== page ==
ELM filament heat loads on plasma facing components in JET and ITER


 Vivian Tucker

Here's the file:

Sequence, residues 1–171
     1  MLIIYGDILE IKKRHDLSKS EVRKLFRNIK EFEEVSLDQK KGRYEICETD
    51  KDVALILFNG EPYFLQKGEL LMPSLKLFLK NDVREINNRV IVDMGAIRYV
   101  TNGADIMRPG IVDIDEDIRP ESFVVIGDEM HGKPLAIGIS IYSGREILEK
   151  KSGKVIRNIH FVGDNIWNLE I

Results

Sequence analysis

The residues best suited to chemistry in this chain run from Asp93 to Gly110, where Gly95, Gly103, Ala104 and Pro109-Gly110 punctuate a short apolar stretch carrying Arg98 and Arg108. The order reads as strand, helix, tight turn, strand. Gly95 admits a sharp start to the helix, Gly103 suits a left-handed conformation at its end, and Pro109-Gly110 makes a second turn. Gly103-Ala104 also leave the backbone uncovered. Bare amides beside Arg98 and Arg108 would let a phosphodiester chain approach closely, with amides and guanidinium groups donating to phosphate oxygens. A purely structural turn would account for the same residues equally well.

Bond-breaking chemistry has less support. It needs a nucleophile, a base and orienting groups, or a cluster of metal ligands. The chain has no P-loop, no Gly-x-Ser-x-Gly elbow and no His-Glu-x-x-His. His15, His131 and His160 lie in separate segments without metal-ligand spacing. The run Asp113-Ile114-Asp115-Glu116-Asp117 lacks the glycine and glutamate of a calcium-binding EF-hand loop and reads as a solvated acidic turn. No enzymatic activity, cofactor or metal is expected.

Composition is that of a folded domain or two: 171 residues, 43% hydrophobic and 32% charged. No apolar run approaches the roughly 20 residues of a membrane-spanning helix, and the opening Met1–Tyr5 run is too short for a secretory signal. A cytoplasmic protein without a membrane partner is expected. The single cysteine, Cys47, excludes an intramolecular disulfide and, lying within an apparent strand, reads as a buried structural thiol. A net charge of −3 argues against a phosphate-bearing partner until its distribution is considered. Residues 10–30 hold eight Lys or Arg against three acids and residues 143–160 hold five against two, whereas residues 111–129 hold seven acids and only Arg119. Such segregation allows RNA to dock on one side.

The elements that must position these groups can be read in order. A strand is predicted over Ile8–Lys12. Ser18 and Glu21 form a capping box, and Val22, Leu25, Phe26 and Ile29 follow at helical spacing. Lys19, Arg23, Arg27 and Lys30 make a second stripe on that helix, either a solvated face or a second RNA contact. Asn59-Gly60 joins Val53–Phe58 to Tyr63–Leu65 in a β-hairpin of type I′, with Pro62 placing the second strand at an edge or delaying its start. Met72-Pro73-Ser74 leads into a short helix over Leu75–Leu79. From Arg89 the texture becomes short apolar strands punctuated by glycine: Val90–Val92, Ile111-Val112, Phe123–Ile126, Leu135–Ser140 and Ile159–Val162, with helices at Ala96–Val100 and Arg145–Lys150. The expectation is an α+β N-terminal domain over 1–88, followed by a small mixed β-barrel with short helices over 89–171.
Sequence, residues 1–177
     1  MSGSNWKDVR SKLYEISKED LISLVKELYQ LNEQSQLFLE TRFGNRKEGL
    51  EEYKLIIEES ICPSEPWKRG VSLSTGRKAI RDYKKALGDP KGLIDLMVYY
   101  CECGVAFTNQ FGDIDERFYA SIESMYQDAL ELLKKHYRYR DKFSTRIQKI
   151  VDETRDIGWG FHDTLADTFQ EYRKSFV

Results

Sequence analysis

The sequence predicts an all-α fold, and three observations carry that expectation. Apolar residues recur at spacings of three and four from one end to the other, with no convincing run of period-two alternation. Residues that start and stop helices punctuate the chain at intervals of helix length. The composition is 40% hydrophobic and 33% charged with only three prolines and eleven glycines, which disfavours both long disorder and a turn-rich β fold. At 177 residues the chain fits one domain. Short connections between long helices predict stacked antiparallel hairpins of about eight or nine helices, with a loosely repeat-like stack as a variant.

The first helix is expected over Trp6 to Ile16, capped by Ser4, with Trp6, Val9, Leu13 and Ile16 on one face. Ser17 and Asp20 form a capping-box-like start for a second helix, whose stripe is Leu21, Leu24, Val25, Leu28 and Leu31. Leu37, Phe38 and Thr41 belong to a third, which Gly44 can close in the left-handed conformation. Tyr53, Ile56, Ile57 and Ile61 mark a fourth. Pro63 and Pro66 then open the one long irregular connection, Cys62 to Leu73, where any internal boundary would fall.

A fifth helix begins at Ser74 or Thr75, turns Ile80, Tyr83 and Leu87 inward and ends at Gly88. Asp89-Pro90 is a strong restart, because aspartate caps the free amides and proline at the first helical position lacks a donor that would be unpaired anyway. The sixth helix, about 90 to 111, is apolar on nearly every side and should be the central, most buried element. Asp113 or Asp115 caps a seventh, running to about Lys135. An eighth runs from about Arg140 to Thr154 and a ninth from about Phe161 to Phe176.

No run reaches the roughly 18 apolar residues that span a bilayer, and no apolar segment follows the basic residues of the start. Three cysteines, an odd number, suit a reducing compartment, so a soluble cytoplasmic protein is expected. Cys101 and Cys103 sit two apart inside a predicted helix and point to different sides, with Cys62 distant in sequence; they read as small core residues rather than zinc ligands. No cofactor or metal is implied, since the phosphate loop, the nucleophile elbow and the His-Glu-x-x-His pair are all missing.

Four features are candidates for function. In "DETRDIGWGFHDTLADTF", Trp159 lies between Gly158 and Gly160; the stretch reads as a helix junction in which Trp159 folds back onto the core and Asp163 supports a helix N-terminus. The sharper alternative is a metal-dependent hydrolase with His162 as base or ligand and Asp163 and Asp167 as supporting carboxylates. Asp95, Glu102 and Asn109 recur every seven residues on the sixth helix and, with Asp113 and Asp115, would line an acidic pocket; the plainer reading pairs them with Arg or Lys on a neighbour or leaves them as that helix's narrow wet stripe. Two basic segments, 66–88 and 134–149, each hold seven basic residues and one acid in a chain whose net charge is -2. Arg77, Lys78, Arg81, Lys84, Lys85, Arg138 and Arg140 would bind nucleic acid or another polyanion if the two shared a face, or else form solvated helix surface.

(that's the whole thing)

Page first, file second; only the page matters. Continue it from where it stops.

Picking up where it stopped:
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1 1 filament heat loads on plasma facing components in JET and ITER 1. Fundamenski, R.A.Pitts, 1 G.Arnoux, 3 M.Jakubowski, A.Loarte, 1 M.Beurskens and JET EFDA contributors 1 Euratom/UKAEA Fusion Association, Culham Science Centre, Abingdon, OX14 3DB, UK ITER Organistion, CEN Cadarache, 53/7, St.PaulLez Durance, France 3 MaxPlanck Institut fur Plasmaphysic, IPPEuratom Association, D Garching, Germany Abstract. Observations of localized heat loads to filament impact on the main chamber in JET are reviewed and drawn together to form a coherent picture of the exhaust phase of the. Presently available JET data is quantitatively explained by a parallel loss model of filament dynamics, in which the evolution of filament density and temperature proceeds via a competition of radial advection and parallel convective and conductive losses. The fraction of energy reaching the wall increases with amplitude, in rough agreement with a modified interchange scaling of filamentary motion. The model validated on JET data predicts that ~5% and ~4% of the energy would reach the main chamber (mostly the upper baffle) in ITER for natural (0 MJ, / ~ 13.3%) and mitigated (1 MJ, / ~ 0.66%) s, respectively. 1. Introduction It is now widely recognised that TypeI s generate filamentary structures which travel radially well into the far ScrapeOff Layer (SOL). The localised heat loads on plasma facing components (PCFs), including the divertor, limiter and upper dump plate tiles, associated with such filaments are one of the critical issues for ITER; specifically, main chamber PFCs in ITER are presently being redesigned with the aim of handling such plasma related heat loads. Since their earliest observations, the kinematics, dynamics and dissipation of TypeI filaments (i.e. their radial motion, driving forces and parallel loss mechanisms), as well as the resulting heat loads on the vessel wall, have been a topic of active research on JET. In this contribution, the results of this activity are briefly reviewed, leading to ITER predictions.. filament heat loads on JET TypeI filaments are observed on JET using both visible (D α ) and wide angle infrared cameras; TypeIII filaments do not to leave a measurable heat loads imprint on main chamber PFCs. In all cases analysed, filaments are found to follow pre magnetic field lines, i.e. they did not noticeably distort/perturb the SOL (poloidal/toroidal) magnetic field, see Fig.1. This agreement between the pitch angle of filament heat load imprint and that of the pre magnetic field line (at the point of contact with the wall) is observed in both low and high triangularity (ITERlike shape) discharges, and in the latter, at both on the upper dump plate and on the outboard limiters [Jakubowski08] (of course, the pitch angle varies by more than a factor of 5 between these two locations, being much shallower near the upper dump plate due to the proximity of the second Xpoint). In the high triangularity plasmas, the toroidal separation, φ ~ π/n w, where n w is the inferred number of filaments at the wall radius (or the quasitoroidal mode number), was found as follows [Jakubowski08], Fig.: (a) n w ~ at the outer limiter ( r = r r sep ~ 5 cm), with little dependence on size, Fig.(a); (b) n w ~ 60 0 at the up dump plate ( r ~ cm). The latter exhibited roughly inverse linear dependence on size, Fig.(b), See the Appendix of F. Romanelli et al., paper OV/1, this conference